Latinx mental health scholars' experiences with cultural adaptation and implementation of systemic family interventions
An increasing number of culturally adapted family-level interventions address mental health disparities with marginalized populations in the United States. However, with these developments many barriers have arisen, such as challenges with degree of cultural fit, engagement, and sustainability. We conducted 12 elite phenomenological interviews with mental health scholars involved in prevention and intervention family research with various Latinx communities within and outside of the United States. These scholars discussed their experiences of overcoming barriers in their research. We used thematic analysis to code and analyze participant responses, and our findings support the gaps in previous literature and highlight potential pathways to overcoming barriers in cultural adaptation research. Themes included the need for: (a) better understanding of the intersection between culture and context; (b) community-centered approaches to addressing implementation challenges; and (c) structural changes within institutional, governmental, and political levels. We discuss implications for researchers and practitioners working with Latinx families.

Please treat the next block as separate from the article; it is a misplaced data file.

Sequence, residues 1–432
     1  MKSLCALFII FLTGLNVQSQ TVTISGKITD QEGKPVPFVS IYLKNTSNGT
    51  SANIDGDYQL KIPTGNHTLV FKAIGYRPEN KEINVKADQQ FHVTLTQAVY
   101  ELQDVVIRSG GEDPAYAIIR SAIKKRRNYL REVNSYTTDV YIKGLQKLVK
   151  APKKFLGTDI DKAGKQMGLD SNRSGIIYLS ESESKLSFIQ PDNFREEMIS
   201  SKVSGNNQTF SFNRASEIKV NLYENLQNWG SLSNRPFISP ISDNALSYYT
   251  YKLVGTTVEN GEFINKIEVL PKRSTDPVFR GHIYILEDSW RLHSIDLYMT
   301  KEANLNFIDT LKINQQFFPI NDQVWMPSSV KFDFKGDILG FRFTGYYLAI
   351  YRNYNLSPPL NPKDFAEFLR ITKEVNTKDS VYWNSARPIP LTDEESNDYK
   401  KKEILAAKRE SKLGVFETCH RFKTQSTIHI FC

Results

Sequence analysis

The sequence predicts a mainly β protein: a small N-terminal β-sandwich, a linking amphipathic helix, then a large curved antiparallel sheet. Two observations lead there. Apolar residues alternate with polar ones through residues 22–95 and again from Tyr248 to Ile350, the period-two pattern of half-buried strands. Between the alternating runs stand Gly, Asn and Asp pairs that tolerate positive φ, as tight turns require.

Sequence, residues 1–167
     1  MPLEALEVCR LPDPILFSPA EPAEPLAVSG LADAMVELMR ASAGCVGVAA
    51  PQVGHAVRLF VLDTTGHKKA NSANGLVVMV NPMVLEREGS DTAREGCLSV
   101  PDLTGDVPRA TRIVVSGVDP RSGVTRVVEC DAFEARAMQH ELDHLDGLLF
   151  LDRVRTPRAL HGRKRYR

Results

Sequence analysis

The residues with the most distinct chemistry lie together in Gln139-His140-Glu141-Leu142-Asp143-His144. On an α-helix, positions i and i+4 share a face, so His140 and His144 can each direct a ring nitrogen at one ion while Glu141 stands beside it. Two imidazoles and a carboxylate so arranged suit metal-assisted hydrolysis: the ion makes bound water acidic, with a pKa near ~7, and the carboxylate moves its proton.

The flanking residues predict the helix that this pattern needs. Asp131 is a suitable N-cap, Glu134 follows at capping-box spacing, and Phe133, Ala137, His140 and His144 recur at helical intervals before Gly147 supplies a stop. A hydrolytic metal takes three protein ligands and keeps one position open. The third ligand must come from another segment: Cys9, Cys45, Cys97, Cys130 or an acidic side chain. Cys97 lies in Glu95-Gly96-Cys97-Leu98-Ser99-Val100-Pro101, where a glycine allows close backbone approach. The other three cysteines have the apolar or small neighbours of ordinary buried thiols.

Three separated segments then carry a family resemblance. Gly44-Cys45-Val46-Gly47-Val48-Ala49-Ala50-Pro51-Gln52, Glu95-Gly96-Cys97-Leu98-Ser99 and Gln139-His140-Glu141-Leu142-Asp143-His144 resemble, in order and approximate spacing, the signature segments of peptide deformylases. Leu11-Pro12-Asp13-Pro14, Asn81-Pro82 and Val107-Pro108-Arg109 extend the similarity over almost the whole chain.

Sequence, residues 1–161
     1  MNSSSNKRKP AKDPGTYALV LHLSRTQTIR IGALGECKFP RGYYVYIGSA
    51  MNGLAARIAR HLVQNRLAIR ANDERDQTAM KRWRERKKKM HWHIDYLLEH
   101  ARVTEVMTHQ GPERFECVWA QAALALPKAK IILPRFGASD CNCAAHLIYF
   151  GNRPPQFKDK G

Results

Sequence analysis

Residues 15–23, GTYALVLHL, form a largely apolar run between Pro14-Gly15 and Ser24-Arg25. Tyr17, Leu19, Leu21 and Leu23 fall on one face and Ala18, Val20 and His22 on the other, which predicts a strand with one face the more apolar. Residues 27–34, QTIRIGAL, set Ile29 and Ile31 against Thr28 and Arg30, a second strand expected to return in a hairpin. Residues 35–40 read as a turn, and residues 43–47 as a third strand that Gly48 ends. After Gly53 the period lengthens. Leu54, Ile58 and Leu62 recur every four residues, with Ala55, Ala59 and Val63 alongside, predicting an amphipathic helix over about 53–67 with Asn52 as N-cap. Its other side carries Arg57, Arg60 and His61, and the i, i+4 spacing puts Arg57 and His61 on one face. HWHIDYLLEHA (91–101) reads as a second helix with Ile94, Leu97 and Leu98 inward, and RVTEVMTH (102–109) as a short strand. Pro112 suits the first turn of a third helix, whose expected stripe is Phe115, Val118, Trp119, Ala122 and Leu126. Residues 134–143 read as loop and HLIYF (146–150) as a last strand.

Cooper, Daniel K.; Wieling, Elizabeth; Domenech Rodríguez, Melanie M.; Garcia-Huidobro, Diego; Baumann, Ana; Mejia, Anilena; Le, Huynh Nhu; Cardemil, Esteban V.; and Acevedo-Polakovich, Ignacio D., "Latinx mental health scholars' experiences with cultural adaptation and implementation of systemic family interventions" (2020). Psychology. 209.